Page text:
The type of client you attract with wellness plans are the Cs and Ds.

A grade clients typically do NOT avail themselves of discounted wellness plans or discounted services.

Your practice will become busy, busy, busy with a well implemented and functioning wellness plan, this does NOT allow you the luxury of extended consults with your ‘good’ or favourite clients to ‘shoot the breeze’, develop or maintain that ‘friendship’ and relationship like you used to do before the days of wellness plans.

What’s more you don’t like working with C and D grade clients. Typically they do not have your (and your practice’s) vision, purpose or values around pets and pet care.

They are not your ‘ideal’ client, they do not match your client Avatar and so you eventually no longer look forward to coming to work and having a GREAT day like you did when you were working with primarily ‘A’ clients.

That’s what I hear from the clients who call me or call me in in order to help them either dismantle their practice wellness plan or to turn it into ‘modified’ wellness plan which ties in and embraces the practice’s vison and core values.

For example, a wellness plan targeted to senior pets, or dental care or even adult wellness.

This ‘modified’ wellness plan scenario serves as the best model to satisfy all outcomes and everyone’s need.

Wellness plans are a great way to drive business and create loyalty with your clients,” Taaffe said. “However, offering wellness plans does take more time and investment than simply making plans available. It takes a commitment to educate and work with your clients on understanding the importance and value of preventive care.”

If you have  a question for Diederik about Wellness Plans, why not ask him in the Comments section below?

If you enjoyed reading this you may also be interested to read another Vetanswers Blog Post: The Value of Wellness Plans - from a veterinary client's perspective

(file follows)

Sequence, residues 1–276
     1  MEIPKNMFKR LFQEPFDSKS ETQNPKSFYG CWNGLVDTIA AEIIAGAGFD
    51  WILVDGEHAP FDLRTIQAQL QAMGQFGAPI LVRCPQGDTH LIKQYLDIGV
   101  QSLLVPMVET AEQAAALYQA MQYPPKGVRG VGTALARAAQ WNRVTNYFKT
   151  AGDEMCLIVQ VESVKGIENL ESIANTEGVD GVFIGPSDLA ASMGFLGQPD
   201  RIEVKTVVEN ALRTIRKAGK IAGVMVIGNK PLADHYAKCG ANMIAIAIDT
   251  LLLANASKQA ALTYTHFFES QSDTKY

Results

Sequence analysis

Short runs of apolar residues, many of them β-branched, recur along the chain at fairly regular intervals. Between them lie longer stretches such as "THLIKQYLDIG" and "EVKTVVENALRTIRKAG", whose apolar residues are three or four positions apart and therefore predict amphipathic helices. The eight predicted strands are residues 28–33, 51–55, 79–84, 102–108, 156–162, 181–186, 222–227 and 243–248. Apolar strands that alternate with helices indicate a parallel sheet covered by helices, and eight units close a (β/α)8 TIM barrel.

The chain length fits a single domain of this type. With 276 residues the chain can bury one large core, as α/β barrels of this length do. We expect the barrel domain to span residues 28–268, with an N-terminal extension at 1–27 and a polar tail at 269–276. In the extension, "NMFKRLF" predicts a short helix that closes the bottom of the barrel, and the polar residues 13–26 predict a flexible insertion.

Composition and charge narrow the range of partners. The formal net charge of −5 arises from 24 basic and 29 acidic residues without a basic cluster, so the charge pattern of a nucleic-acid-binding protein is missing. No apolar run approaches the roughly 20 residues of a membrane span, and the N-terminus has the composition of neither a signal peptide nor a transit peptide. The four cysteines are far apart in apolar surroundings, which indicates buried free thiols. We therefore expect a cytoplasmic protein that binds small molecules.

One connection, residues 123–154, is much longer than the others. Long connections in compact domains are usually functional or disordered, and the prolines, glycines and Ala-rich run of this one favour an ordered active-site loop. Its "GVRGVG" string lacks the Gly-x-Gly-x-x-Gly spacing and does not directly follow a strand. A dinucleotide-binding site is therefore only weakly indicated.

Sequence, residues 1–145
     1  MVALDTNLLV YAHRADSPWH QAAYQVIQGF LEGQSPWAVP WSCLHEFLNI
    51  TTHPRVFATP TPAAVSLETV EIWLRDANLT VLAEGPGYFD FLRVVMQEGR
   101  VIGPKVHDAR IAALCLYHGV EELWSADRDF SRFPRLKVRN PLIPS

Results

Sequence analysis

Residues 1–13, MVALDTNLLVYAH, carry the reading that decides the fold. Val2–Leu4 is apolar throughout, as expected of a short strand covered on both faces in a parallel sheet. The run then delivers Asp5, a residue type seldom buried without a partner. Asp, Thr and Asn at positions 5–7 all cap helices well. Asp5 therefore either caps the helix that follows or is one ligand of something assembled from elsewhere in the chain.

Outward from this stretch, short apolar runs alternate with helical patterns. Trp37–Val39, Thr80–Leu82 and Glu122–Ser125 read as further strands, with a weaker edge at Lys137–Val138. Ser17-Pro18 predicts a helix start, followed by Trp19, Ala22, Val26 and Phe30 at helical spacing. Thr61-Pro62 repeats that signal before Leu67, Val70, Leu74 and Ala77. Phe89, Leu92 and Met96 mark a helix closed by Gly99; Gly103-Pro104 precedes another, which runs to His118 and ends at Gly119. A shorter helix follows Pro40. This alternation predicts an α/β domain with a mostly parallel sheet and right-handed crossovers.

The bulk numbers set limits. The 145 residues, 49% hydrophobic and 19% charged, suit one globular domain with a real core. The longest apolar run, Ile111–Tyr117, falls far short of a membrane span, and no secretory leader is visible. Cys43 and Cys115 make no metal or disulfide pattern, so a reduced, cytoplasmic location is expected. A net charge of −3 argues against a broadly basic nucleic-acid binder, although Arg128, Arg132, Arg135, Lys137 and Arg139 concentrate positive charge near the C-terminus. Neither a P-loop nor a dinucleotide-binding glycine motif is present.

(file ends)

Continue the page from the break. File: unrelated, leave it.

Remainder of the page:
About Diederik


Guest blogger, Dr. Gelderman is a certified NLP Master Practitioner and Trainer. He began coaching veterinary professionals with his Turbo Charge Your Veterinary Practice seminar, in 2004, to a small group of associates. In 2009, the seminars expanding internationally to Hong Kong, NZ, Europe and the US.

Dr. Gelderman has coached and consulted with more than 350 Small to Medium Enterprises in a diverse range of industries. For more information visit 'Turbo Charge Your Practice'.

Click here to visit the 'Turbo Charge Your Veterinary Practice' Page in the Vetanswers Business Directory


David Butchart @ Jun 23rd 2016 6:53pm
They way to get all clients interested is not to discount anything and offer the total years cost smoothed out with 12 monthly payments. Just because a corporate down the road is offering a discount doesn't mean a private practice needs to offer the same. Be different and offer value rather than price. The clients that want a discount aren't the ones we want anyway unless you want to promote that veterinary services are a commodity that can be shopped around. If we want vet practices to thrive and have great cultures with great staff clearly discounting our services is not the way to go.
Judy @ Jun 24th 2016 1:05pm
Thanks David, I totally agree. It should never be about discounting but about offering great value.